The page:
My arm, still lightly circling her waist, felt her body trembling. I was answering the plea in that as much as in her voice when I said, “Certainly.” She gave me an address south of Inferno, an apartment number and a time. She asked me my name and I told her.
I turned obediently to the policeman’s shout. He shooed away the small clucking crowd of masked women and barefaced men. Coughing from the smoke that the black coupe had thrown out, he asked for my papers. I handed him the essential ones.
He looked at them and then at me. “British Barter? How long will you be in New York?”
Suppressing the urge to say, “For as short a time as possible,” I told him I’d be here for a week or so.
“May need you as a witness,” he explained. “Those kids can’t use smoke on us. When they do that, we pull them in.”
He seemed to think the smoke was the bad thing. “They tried to kill the lady,” I pointed out.
He shook his head wisely. “They always pretend they’re going to, but actually they just want to snag skirts. I’ve picked up rippers with as many as fifty skirt-snags tacked up in their rooms. Of course, sometimes they come a little too close.”
I explained that if I hadn’t yanked her out of the way, she’d have been hit by more than hooks. But he interrupted, “If she’d thought it was a real murder attempt, she’d have stayed here.”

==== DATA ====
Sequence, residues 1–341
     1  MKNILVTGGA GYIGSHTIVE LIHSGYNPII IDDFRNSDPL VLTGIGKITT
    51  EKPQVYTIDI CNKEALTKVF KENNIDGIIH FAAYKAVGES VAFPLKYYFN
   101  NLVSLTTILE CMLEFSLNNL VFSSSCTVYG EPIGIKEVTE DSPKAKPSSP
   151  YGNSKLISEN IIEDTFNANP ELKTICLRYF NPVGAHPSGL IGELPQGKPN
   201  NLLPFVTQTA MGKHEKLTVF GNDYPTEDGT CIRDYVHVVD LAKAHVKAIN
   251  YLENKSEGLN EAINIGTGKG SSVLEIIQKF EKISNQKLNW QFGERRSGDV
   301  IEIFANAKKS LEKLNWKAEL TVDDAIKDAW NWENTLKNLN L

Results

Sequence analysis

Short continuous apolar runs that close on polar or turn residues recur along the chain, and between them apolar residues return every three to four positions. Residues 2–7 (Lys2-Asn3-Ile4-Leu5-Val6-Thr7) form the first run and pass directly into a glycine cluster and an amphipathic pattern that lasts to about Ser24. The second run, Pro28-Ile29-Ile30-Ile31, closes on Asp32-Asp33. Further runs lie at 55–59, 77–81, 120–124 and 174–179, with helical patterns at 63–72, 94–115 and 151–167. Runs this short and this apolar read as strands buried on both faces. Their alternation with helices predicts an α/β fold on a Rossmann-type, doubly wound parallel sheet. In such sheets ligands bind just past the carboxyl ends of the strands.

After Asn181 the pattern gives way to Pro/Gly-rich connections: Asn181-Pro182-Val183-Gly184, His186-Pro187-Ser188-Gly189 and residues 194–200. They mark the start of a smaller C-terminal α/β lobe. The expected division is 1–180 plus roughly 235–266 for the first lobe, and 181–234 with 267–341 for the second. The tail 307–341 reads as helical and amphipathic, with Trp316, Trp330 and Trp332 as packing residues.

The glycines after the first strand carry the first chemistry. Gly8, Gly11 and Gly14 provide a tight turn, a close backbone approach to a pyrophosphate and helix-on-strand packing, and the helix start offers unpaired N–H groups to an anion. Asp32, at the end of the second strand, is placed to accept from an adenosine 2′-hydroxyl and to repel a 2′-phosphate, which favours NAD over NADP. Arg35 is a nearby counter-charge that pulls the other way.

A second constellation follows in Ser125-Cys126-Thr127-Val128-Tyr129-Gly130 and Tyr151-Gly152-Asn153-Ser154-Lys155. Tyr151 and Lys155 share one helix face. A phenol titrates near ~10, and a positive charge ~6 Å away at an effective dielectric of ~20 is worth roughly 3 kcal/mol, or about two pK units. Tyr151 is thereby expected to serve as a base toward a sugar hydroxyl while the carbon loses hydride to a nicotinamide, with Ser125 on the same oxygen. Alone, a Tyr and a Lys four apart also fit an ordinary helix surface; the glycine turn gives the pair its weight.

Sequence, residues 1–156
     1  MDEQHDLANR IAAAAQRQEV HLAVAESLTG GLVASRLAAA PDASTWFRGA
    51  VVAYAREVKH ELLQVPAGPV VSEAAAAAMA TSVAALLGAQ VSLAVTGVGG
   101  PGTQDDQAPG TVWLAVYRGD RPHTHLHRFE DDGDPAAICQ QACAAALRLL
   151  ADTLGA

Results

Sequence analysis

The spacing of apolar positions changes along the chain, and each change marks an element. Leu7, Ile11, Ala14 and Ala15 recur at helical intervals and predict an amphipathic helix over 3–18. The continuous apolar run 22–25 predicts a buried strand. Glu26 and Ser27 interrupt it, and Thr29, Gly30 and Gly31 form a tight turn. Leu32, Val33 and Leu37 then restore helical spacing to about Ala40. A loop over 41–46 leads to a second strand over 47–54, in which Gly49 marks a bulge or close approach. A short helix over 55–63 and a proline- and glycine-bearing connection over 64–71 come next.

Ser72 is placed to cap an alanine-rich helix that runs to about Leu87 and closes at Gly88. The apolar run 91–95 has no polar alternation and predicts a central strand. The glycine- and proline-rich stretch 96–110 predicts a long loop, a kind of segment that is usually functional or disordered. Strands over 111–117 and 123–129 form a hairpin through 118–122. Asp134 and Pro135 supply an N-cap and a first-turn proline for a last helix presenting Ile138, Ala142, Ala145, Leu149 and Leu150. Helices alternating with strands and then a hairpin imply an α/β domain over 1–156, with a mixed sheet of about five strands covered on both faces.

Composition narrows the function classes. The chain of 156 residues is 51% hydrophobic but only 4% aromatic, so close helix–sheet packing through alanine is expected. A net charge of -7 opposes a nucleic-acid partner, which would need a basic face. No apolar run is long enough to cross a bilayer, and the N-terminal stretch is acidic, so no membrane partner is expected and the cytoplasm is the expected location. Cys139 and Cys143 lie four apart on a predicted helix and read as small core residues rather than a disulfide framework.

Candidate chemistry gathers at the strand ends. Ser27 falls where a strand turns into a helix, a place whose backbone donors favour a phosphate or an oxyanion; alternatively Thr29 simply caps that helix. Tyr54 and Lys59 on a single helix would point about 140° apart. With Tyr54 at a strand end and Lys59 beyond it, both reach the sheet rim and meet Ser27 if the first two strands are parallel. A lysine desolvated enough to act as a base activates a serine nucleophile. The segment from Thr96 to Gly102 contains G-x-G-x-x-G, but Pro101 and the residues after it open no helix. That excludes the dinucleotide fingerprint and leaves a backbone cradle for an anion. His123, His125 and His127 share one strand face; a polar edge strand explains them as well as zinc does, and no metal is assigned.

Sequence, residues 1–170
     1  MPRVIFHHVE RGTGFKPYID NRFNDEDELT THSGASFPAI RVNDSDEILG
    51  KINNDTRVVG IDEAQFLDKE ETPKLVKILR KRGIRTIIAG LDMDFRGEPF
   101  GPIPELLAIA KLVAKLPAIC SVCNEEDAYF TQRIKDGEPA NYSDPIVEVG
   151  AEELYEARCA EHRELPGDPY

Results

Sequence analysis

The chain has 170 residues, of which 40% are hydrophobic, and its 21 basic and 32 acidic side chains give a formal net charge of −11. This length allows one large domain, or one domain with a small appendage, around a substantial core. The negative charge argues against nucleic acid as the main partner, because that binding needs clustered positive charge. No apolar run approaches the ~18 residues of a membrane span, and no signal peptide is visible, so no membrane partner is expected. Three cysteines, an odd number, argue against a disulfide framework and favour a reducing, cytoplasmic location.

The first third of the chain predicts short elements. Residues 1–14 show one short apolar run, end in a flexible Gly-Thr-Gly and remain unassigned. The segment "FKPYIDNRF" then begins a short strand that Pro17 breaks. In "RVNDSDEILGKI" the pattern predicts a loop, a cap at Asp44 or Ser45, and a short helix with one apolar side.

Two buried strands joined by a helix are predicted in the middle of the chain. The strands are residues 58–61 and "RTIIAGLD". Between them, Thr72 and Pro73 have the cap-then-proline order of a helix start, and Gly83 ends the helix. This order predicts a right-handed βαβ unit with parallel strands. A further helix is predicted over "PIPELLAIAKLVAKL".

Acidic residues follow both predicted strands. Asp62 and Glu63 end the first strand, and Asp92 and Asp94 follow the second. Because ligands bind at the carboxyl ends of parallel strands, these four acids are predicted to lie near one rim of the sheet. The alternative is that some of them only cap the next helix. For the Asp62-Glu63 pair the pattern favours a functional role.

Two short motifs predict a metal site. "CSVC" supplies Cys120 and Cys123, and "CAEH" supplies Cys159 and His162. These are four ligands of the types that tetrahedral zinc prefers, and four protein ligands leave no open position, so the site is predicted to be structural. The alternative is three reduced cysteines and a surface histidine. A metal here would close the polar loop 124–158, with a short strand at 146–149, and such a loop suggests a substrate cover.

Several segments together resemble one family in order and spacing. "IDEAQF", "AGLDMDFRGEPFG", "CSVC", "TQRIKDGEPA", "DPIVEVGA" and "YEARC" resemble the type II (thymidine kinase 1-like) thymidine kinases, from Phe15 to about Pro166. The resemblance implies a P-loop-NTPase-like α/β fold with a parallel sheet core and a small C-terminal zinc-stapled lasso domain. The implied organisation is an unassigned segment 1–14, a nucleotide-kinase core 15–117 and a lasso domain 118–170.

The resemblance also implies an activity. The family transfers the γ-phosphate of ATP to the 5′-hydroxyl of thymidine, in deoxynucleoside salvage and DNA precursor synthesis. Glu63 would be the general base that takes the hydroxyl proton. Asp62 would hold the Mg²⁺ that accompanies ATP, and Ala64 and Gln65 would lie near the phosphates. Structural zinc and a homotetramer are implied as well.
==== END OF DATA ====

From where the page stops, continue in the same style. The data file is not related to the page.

I looked around. It was true. She was gone.
“She was fearfully frightened,” I told him.
“Who wouldn’t be? Those kids would have scared old Stalin himself.”
“I mean frightened of more than ‘kids.’ They didn’t look like ‘kids.'”
“What did they look like?”
I tried without much success to describe the three faces. A vague impression of viciousness and effeminacy doesn’t mean much.
“Well, I could be wrong,” he said finally. “Do you know the girl? Where she lives?”
“No,” I half lied.
The other policeman hung up his radiophone and ambled toward us, kicking at the tendrils of dissipating smoke. The black cloud no longer hid the dingy facades with their five-year-old radiation flash-burns, and I could begin to make out the distant stump of the Empire State Building, thrusting up out of Inferno like a mangled finger.